Opening windows may offer a simple way to prevent the spread of tuberculosis and other airborne infections, suggests a study by researchers at Imperial College London in the UK.
The researchers compared 70 rooms with natural ventilation and 12 rooms with mechanical ventilation at a hospital in Lima, Peru. Even when wind speeds were at their lowest, natural ventilation was more effective than mechanical ventilation at dispersing airborne germs, CBC News reported.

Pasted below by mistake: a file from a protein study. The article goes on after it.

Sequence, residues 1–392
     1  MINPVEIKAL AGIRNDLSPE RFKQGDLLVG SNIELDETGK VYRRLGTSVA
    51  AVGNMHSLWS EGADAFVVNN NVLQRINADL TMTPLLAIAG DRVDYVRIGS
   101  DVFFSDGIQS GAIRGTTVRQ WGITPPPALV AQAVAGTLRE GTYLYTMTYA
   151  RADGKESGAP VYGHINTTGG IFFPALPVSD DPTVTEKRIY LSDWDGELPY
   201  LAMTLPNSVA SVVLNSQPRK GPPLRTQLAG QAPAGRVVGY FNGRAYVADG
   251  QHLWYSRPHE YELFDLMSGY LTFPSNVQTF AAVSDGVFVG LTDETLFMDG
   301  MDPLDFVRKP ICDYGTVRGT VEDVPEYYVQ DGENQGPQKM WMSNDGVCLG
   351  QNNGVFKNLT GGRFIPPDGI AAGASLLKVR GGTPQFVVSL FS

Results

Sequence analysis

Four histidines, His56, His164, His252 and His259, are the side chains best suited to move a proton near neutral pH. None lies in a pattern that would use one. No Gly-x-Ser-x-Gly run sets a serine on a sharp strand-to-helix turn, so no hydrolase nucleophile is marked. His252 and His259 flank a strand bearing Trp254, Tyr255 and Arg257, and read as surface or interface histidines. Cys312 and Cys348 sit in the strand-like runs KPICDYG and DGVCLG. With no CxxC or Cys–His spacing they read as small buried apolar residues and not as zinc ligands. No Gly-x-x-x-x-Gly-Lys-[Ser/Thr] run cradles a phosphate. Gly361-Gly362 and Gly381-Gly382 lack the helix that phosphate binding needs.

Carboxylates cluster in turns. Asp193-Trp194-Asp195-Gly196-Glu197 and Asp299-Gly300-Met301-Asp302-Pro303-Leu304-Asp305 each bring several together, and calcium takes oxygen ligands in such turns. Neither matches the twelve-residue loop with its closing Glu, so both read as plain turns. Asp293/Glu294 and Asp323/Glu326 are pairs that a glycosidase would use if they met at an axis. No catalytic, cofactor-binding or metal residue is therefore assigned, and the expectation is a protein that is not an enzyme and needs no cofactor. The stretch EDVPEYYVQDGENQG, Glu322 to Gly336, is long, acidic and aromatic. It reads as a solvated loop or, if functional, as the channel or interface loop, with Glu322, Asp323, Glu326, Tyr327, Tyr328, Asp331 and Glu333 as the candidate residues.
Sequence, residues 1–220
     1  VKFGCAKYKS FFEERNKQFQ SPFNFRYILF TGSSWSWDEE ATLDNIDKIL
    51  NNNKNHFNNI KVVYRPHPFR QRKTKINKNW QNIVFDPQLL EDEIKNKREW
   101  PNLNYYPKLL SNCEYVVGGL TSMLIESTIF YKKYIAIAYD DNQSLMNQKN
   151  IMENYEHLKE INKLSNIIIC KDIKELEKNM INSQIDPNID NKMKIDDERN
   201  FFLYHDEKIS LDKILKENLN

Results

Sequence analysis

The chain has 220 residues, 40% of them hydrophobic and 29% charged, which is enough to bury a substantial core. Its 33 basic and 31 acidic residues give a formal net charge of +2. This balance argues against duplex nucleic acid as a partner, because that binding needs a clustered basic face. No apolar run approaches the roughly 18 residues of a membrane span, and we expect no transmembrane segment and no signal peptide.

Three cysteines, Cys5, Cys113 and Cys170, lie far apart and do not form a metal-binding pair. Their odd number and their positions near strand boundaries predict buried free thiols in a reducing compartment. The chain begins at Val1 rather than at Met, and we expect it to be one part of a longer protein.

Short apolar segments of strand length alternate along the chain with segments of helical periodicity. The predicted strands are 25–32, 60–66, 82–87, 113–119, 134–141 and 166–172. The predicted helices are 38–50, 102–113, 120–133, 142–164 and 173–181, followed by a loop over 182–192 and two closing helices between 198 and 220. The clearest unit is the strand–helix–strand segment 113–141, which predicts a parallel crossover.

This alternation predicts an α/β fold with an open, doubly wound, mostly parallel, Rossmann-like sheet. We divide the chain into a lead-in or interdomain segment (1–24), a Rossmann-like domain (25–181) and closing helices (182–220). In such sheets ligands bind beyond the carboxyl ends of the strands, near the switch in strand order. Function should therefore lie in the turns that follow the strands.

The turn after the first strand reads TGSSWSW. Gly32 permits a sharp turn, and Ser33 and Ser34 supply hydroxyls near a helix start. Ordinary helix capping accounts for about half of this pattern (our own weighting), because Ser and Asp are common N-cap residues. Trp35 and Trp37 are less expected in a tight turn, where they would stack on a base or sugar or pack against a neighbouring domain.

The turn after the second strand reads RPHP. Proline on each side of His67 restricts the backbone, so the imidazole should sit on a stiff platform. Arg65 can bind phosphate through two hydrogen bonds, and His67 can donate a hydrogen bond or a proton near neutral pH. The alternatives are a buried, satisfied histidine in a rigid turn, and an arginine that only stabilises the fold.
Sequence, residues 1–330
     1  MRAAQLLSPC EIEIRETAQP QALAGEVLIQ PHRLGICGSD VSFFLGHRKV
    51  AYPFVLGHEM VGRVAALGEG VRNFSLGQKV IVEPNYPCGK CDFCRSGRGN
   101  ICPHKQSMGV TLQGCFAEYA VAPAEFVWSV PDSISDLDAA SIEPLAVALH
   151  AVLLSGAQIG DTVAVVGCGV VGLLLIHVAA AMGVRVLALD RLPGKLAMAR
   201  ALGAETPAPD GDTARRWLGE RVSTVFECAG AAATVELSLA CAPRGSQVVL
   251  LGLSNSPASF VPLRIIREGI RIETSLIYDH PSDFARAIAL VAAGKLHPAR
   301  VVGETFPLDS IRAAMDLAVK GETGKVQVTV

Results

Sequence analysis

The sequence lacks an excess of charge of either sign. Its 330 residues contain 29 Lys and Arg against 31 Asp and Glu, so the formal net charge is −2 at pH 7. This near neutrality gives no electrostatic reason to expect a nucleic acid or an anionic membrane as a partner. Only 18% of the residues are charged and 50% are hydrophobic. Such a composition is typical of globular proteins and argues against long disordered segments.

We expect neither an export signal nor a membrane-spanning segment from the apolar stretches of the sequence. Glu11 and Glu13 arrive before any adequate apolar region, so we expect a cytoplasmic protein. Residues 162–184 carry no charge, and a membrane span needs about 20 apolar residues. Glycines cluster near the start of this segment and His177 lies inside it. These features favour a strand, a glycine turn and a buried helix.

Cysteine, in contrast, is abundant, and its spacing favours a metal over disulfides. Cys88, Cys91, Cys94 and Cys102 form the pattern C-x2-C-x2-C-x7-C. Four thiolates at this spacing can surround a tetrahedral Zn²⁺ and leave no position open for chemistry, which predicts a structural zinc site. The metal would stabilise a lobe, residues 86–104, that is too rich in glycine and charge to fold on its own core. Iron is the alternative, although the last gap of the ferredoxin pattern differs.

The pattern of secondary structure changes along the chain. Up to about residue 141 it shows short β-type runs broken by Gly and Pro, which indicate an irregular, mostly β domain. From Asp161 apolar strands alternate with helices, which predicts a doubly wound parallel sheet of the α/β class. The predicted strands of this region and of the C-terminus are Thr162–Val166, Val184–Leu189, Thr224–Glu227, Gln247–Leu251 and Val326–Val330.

"Opening windows and doors maximises natural ventilation so that the risk of airborne contagion is much lower than with costly, maintenance-requiring mechanical ventilation systems," the study authors wrote.
"Old-fashioned clinical areas with high ceilings and large windows provide greatest protection. Natural ventilation costs little and is maintenance free," the researchers noted.
The study was published in the online issue of the Public Library of Science journal PLoS Medicine. – (HealthDayNews)
For more information on care and support of tuberculosis visit South African National TB Association (SANTA) or phone them on 011 454 0260.